The House of Garrard has announced the 118.88-carat Jubilee Sapphire to mark 65 years of Queen Elizabeth II’s reign and pay tribute to the jeweller’s role in remodeling the Imperial State Crown for the occasion.
Sapphires have long been associated with Garrard, with gems set in the house’s signature diamond cluster setting including an 1840 brooch commissioned by Prince Albert for Queen Victoria, to the Duchess of Cambridge’s engagement ring.
The Duchess of Cambridge's engagement ring features a 12-carat sapphire
Whilst the 12-carat sapphire in the Duchess’s ring is apparently Sri Lankan, the 118.88-carat Jubilee Sapphire originates from the legendary Mogok mines in Burma. This region has long been celebrated for some of the world’s most stunning royal blue sapphires and “pigeon’s blood” red rubies.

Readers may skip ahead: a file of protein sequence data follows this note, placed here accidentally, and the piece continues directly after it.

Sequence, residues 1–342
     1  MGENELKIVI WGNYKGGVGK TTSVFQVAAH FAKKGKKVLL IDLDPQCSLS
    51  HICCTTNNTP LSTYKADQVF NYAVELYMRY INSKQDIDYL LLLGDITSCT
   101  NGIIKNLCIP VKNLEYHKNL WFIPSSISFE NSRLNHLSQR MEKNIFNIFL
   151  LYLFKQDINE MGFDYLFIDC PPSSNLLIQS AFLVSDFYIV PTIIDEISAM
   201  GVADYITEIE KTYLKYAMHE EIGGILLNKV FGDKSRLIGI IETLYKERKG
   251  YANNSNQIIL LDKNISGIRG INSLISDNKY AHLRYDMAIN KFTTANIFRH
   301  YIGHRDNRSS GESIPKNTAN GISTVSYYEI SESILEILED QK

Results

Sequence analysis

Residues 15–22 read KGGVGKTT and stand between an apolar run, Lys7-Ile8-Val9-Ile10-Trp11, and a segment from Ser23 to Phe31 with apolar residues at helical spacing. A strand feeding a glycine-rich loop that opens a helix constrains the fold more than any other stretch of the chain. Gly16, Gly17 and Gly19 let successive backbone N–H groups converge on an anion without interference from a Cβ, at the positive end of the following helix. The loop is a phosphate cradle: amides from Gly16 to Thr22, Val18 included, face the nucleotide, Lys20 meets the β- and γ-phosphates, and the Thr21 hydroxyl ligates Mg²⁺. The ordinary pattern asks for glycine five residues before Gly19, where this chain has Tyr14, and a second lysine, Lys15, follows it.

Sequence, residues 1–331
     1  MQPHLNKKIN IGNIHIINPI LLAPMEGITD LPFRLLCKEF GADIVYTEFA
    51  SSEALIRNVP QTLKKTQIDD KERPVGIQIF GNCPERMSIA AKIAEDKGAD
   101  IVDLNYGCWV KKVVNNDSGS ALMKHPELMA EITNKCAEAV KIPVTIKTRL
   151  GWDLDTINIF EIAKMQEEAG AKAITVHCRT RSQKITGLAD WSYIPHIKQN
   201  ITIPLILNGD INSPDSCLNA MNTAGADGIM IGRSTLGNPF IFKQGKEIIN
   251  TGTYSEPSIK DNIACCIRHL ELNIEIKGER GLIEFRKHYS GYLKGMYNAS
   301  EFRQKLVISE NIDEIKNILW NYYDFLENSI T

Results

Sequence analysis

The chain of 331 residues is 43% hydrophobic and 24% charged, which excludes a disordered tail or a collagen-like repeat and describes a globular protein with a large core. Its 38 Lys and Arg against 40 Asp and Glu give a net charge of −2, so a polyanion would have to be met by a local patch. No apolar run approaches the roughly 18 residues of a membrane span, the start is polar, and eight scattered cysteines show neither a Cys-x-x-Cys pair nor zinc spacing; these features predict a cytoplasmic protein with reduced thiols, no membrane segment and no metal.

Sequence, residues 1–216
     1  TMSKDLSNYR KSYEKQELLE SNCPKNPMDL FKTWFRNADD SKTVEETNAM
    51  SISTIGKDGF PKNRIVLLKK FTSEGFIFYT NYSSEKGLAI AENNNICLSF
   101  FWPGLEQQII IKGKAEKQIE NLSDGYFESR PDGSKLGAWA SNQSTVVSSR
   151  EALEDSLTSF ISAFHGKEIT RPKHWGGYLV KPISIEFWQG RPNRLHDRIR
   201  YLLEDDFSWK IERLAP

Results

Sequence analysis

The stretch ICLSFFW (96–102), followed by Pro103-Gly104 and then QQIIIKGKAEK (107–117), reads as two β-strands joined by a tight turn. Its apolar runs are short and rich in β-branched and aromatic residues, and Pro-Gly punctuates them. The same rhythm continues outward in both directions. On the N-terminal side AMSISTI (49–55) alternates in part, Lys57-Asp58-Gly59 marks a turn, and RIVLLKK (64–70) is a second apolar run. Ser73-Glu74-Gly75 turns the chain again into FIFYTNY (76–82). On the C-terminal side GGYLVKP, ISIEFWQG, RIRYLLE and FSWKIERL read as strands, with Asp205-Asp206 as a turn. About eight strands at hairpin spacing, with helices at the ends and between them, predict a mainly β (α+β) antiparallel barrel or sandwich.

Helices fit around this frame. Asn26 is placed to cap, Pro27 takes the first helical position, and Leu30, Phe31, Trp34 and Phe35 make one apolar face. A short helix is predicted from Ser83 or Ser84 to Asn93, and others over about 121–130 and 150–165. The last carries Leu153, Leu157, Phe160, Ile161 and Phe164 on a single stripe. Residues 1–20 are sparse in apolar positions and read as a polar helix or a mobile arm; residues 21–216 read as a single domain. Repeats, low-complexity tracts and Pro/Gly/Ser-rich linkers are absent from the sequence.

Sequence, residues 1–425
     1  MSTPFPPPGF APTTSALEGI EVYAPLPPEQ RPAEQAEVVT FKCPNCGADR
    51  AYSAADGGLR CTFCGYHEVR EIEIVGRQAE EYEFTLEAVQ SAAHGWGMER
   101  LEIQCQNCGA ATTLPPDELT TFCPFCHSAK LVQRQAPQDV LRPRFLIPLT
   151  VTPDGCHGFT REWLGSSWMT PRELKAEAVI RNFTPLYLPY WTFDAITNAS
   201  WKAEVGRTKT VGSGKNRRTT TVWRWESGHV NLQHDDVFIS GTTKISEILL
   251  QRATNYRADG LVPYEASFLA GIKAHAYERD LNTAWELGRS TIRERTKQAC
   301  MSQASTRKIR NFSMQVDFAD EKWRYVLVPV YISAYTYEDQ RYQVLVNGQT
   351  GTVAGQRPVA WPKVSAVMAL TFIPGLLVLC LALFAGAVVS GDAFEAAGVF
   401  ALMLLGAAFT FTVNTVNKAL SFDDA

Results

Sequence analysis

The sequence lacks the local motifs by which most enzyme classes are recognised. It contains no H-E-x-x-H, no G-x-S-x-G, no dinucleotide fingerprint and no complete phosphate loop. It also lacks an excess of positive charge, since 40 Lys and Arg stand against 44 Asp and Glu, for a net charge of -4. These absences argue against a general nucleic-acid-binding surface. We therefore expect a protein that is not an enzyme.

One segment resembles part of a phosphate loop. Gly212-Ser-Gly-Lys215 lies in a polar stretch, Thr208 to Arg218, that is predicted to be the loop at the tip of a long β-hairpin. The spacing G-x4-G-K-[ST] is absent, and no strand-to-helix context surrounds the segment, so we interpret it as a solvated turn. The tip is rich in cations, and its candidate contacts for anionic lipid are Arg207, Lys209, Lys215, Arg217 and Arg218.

Yet a sapphire of this size with a royal blue hue is rarely seen, with Creative Director Sara Prentice commenting, “This is an extraordinary stone to see and hold. I wanted to create a jewel that would both give centre stage to the sapphire, and also be wearable.”
The Jubilee Sapphire is set in a brooch within a cluster of diamonds
To achieve this she turned to the many royal jewels in Garrard’s archives, which included the cluster brooch given to Queen Victoria on her wedding day. This is the same jewel that inspired Prince Charles's choice of engagement ring for Princess Diana that was later given by Prince William to Kate Middleton on their own engagement.
“With this stone, its size and shape made a brooch design a natural choice,” explains Sara Prentice. “A cluster setting in white gold with round white diamonds then enhances its intensely rich royal blue.”